There is an abundance of junior, inexperienced talent. There has been a severe talent shortage in UX, really ever since companies started caring about design and UX in the 1990s. Now, with the availability of professional education (read: not academic) programs, both young people as well as older professionals (transitioning from dying industries) are preparing to enter the market. For the first time, there are significant number of UX people who are not able to find a job. While this is understandable—most of these folks are trained but inexperienced—it creates the impression that UX talent is easy to come by. This impacts the value placed on those professionals and their services.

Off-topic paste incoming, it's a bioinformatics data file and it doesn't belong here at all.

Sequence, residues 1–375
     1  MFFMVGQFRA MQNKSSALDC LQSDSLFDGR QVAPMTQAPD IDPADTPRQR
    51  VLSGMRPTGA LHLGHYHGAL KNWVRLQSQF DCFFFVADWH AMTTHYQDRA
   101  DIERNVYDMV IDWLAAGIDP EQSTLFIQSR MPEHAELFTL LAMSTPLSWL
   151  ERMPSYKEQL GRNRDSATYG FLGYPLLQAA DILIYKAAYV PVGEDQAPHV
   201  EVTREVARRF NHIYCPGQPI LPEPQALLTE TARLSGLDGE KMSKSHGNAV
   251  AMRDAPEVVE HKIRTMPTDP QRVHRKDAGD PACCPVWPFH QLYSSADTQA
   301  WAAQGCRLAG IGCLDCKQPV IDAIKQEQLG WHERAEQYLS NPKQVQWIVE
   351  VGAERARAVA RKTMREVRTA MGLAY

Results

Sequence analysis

The combined effect of these factors puts a strain on UX and digital design agencies, despite the growing importance and need for these services.

So, given all of this, why shouldn’t these trends cause panic for UX and digital design agencies? It’s simple, really.

  1. Software will continue to become more important to companies in every industry. The need for the various skills that create great software will only be in greater demand.